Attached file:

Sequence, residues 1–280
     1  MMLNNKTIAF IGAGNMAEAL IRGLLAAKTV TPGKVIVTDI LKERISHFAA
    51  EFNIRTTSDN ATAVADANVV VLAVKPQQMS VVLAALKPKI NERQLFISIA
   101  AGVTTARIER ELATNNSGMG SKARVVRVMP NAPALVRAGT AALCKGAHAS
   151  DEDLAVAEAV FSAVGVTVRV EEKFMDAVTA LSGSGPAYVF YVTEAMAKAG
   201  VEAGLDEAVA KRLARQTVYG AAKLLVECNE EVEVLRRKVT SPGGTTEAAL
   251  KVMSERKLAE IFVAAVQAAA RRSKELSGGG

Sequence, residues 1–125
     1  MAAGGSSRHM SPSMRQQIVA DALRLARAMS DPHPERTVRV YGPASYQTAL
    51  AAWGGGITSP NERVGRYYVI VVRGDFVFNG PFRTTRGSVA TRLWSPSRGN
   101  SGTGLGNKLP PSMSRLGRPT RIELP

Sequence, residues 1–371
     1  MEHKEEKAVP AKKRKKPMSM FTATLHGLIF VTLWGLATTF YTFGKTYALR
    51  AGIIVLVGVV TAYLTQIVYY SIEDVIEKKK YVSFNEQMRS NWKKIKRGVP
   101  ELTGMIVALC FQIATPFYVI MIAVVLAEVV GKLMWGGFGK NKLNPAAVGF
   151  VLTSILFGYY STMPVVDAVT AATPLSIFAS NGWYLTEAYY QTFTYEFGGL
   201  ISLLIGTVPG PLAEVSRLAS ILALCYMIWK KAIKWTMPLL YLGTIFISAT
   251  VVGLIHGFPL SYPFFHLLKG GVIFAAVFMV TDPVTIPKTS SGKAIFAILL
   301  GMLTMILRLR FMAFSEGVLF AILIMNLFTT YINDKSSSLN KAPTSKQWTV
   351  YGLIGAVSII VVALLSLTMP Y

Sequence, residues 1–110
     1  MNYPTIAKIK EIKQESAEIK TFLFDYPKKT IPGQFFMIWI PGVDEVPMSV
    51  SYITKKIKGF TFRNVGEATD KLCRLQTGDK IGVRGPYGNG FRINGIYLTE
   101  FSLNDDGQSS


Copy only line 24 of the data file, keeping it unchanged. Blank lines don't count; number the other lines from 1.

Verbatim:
   101  FSLNDDGQSS